In the autumn, vintage cider apples, with wonderful names like Dabinett, Kingston Black, Stoke Red, Yarlington Mill and Harry Masters, are gathered, blended, pressed and the juice is then fermented in huge oak vats. Extremely aromatic, the fruit even masks the alcohol. A lot of sour off-beat notes, that make it difficult o drink. Absolutely wonderful, somewhat in the Highland Park 18 yo style, only even better – and peatier. Mouth: rich, superbly fruity and, again, quite peaty. You can listen to her beautiful singing on Wedding Dance (mp3). I've somehow shocked myself with the 69 points I gave to the Clynelish 14 yo (46%, OB) while tasting it blind last night. Well, if I really have to give you three names, I’d go for Drumguish, Tobermory or Loch Lomond.

After three months the cider is distilled and clear spirit is trickled into either Sherry, or new Hungarian or French oak barrels. I’ll stop it right now, last time I remember I still had a sourish feeling even after I brushed my teeth two times. Palate: quite balanced like a rather good Speysider, but it’s still quite MOTR. Honey, courgette flower, crème brûlée, some lavender. Murray rated it 88, and Jackson 81, and that’s another league! The finish is quite short, making the whole quite unenjoyable.

From left to right: 1967 Zsa Zsa gabor for Smirnoff 'Don't darling with me if it's not Smirnoff' (warning - yeah I know, it's no whisky but I like Zsa Zsa) - 1967 Lauren Hutton for White Horse (claiming) - 1971 J&B (inviting)From left to right: 1975 Black Velvet (very inviting) - 1981 Bushmill's (very very inviting) - 1995 Black Velvet 'as smooth as it gets' (calm down! His thick Scottish accent instantly transports you to Inverness, Port Charlotte or John o'Groats, whichever Scottish place you're in the mood for.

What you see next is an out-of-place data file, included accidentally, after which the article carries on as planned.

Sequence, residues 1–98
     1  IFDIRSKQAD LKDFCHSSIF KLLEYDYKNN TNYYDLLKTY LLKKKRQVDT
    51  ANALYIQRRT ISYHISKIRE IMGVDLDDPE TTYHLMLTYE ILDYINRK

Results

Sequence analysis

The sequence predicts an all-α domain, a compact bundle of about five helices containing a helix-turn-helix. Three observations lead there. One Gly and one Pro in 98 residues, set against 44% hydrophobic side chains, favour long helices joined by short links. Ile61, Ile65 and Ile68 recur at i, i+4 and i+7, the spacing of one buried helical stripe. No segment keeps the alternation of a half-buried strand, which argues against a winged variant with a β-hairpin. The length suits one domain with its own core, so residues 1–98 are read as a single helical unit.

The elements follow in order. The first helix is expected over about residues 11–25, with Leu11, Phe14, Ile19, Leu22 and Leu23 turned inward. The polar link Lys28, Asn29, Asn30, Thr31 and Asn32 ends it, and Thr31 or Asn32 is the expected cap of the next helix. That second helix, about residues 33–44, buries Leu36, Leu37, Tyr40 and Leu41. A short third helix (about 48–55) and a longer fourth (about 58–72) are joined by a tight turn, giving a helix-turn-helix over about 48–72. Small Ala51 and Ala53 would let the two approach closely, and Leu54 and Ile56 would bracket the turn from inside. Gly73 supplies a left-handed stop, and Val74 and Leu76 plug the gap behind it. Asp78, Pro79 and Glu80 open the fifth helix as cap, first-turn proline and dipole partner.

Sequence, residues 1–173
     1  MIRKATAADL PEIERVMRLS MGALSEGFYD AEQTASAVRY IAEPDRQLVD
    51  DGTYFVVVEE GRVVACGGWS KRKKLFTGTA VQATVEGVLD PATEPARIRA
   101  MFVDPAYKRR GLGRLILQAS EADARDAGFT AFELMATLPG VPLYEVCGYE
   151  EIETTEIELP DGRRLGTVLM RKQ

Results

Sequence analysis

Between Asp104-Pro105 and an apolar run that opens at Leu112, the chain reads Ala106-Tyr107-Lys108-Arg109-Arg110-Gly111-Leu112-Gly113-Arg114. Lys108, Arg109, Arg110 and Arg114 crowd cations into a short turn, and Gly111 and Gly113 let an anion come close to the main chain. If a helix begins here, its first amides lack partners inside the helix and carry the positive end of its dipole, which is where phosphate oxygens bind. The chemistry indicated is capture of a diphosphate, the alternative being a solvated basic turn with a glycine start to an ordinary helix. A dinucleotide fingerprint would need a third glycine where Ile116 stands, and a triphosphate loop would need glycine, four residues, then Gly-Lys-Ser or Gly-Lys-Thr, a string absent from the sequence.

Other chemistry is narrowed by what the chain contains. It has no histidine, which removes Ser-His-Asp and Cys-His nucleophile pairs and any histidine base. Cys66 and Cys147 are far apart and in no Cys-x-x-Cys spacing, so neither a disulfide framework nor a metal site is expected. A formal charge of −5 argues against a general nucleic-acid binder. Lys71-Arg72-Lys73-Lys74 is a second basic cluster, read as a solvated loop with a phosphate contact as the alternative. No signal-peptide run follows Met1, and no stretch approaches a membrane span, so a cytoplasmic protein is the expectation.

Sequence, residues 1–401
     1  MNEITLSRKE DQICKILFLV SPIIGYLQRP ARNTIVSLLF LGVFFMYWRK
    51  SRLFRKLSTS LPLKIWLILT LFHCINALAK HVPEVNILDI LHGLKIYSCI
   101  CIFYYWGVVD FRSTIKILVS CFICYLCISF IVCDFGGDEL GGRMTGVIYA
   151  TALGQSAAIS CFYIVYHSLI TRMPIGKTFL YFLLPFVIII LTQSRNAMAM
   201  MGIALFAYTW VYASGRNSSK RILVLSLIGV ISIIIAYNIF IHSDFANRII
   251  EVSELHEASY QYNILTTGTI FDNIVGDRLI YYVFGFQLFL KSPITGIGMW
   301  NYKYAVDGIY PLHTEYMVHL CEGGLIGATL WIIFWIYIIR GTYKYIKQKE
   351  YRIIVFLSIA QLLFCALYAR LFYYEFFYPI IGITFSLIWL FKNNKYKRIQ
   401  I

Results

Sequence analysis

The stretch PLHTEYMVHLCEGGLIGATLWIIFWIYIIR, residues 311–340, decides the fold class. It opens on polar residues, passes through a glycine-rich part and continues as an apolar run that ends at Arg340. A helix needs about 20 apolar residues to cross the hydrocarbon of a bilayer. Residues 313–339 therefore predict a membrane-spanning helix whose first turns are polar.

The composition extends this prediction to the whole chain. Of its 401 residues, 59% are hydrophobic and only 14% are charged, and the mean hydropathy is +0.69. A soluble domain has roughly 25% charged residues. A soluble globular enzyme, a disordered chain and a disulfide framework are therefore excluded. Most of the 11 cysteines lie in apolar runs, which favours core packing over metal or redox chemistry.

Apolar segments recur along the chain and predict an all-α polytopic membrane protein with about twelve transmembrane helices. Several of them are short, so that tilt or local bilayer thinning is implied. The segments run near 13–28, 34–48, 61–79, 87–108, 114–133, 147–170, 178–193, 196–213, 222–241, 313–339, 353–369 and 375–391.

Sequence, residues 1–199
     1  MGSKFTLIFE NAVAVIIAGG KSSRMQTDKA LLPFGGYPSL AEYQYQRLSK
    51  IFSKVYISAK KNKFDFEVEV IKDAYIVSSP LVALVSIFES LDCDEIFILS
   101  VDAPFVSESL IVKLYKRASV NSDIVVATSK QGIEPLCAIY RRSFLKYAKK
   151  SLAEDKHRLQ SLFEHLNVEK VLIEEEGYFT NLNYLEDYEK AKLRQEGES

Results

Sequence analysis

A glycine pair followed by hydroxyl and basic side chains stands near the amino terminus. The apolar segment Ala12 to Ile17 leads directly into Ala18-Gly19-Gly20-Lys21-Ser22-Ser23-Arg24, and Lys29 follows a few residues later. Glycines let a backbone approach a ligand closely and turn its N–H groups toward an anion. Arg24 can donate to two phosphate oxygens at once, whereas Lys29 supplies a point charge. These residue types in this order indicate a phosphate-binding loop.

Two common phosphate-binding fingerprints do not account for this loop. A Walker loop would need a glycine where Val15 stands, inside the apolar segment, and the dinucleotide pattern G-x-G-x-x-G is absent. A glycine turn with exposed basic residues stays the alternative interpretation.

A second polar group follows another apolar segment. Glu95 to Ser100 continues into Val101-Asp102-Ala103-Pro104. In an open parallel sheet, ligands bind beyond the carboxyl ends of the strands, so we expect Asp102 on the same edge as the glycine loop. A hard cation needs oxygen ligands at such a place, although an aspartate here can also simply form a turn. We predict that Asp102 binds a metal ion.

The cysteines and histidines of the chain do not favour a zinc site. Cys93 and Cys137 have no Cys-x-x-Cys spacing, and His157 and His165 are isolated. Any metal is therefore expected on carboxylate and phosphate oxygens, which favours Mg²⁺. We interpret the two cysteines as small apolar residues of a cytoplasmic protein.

Well, perhaps you just can't always talk about pure crystalline water running down the hills... - Maybe it's because the Islay Festival is approaching: I just felt the need to listen to some old Harry Lauder tunes. Hints of peat and a little pepper, then gets a little spirity and sourish (cooked green apple). The mouth is quite powerful at first but gets then much more balanced with some white fruit (gooseberry), some peat and some peppery notes. Elaborated not far from Tbilissi, this brandy (some still call that a Cognac) is made out of various grape varieties. The colour is curiously orange, which just can’t be 100% natural. It’s said to be white and crumbly, rich in juice, sweet smelling, sweetish-sour and muscaty. Quite different from the Williams pear we distil here in Alsace. In short, of course it was impossible to beat our amazing Alsatian Williams pear – yep, chauvinistic again – but this Vilmos is quite enjoyable, especially in summer, because it’s quite light and fresh. Carmel is Israel's leading producer of wines and spirits and of course they make some arack, the well-known anise-flavoured drink of the Middle East. Quite interesting at first nosing, wit some pepper of course, but also some nice honeyed notes, and some hints of grass, vegetables, and even a little ginger. A sudden blast of pepper is soon to attack your palate, and just coats it all around. There’s one very good mp3, though: 10 Miles to Go On a 9 Mile Road. The latter might be subject to batch variation, or the bottles that had contained the samples haven’t been opened for the same time. At first nosing, it’s much closer to a grappa than to a Cognac, which might prove that the wood had little influence. Cooked butter, pear, cider apples, and finally a little wood and some brunt cake notes. Let’s check whether the spirit has the same characteristics now. If it’s aged, it’s aged either in steel tanks or in glass. I’m sure one could drink two litres of it when chilled. Man's creativity has no limits, and that's a good thing - sometimes. Well, I guess that mustn’t be too bad when mixed with some lemon juice and chilled, on Copacabana beach, while listening to Chico Buarque… Its colour is plain white, and at first nosing it’s full of anise and slightly ‘burnt’ notes. You can feel just a few fruity notes on your tongue, but other than that, it’s just pepper from Pepper’s. This title itself says long about White’s almost Dadaistico-pataphysical (eh? What strikes me as well, is the fact that besides his great lyrics, inspired melodies and interesting ‘collage’ techniques, he never sounds exactly the same, unlike so many other singers. You can really feel it’s the same distillery, or even the same age, but the first one was dirtier, while the second one was much cleaner. I can’t wait to taste their single malt, to be launched in… From Germany: I’ve heard good things about this new Bavarian single malt. It’s distilled twice in a 450 litres pot still, and then aged in some new American oak casks exclusively. The palate is quite powerful, with some spirity notes, a lot of fruit (melon, gooseberry, kiwi, rhubarb) and quite some wood. What's even funnier is the fact that I saw this bottle in Turkey, just next to its 'regular' version. I like her songs which gather some slightly Celtic influences (no wonder, her name is Briton), some catchy folk-rock ala Natalie Merchant and a haunting voice. Okay, 80 points for this very, very good gin, which much better that any Bombay Sapphire, Beefeater or Gordon’s. This one’s much cleaner, certainly much stronger, and quite sharp. - This is the first example of a 'light' whisky I ever saw - I mean, 'light' being the opposite of 'regular' in this case. She's been around for ten years or so, but never reached huge notoriety, which is a shame. Glen Albyn - Glenallachie Glenburgie - Glencadam Glencraig - Glendronach Glendullan - Glen Elgin Glenesk - Glenfarclas Glenfiddich - Glen Garioch Glenglassaugh - Glengoyne Glen Grant - Glen Keith Glenkinchie - Glenlivet Glenlochy - Glenlossie Glen Mhor - Glenmorangie Glen Moray - Glen Ord Glenrothes - Glen Scotia Glen Spey - Glentauchers Glenturret - Glenugie Glenury Royal Time to go back to Europe now, before we have a final pre-Islay session tomorrow. It’s a bottle I brought back from China a few years ago. First nosing: peat and smoke, not unlike an Ardbeg. Grainy, dusty, perhaps a little more feinty with some burnt wood notes. Again, it gets bitter towards the end, and the finish is medium long, which is bad news. It’s even worse than #1 in fact, and I wouldn’t go farer than 50 points.